This paper shows a concept based on a disruptive technology framework that ties attributes of these technologies to the requirement definition and elicitation.
Anirban Ganguly, Professor, Jindal Global Business School, O.P. Jindal Global University, Sonipat, Haryana, India.
Maximilian Vierlboeck, School of Systems & Enterprise, Stevens Institute of Technology, Hoboken, NJ, USA.
Roshanak R. Nilchiani, School of Systems & Enterprise, Stevens Institute of Technology, Hoboken, NJ, USA.
Christine M. Edwards, Lockheed Martin Cooperation, Denver, CO, USA.
System development processes today are characterized by a certain flow or structure that they follow. Most of these processes begin with the definition of requirements or needs that are introduced by the stakeholders. Yet, the effects and actual satisfaction of the requirements occurs further down the line with a significant time delay.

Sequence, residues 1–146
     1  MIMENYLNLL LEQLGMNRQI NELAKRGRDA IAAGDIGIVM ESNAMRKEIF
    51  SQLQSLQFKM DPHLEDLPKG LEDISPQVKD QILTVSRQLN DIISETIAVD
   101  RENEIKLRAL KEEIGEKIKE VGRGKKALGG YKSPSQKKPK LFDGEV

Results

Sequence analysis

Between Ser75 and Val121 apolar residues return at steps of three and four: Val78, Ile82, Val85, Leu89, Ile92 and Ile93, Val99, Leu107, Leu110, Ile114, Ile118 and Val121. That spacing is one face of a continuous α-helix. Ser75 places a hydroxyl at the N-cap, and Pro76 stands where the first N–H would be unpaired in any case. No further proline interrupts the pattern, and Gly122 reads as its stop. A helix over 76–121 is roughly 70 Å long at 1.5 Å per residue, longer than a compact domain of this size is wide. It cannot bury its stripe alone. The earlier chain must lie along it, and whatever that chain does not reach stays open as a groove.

This discrepancy makes achieving the objectives of a development project difficult, which can be especially critical when it comes to products that are supposed to or have the potential to disrupt a market or sector. To address these issues, the paper at hand shows a concept based on a disruptive technology framework that ties attributes of these technologies to the requirement definition and elicitation.
By connecting the potential for disruption to the requirements, instead of analyzing the circumstances retroactively, specific aspects can be evaluated regarding their impact and sensitivity. The understanding that this impact analysis yields helps to set up and guide a system development for disruption to alleviate issues that might reduce the system’s potential. The concept is shown using the example of new vaccine developments.
Published in: 2022 IEEE International Symposium on Systems Engineering (ISSE), Vienna, Austria, 2022, pp. 1-7
To read the full article, please click here.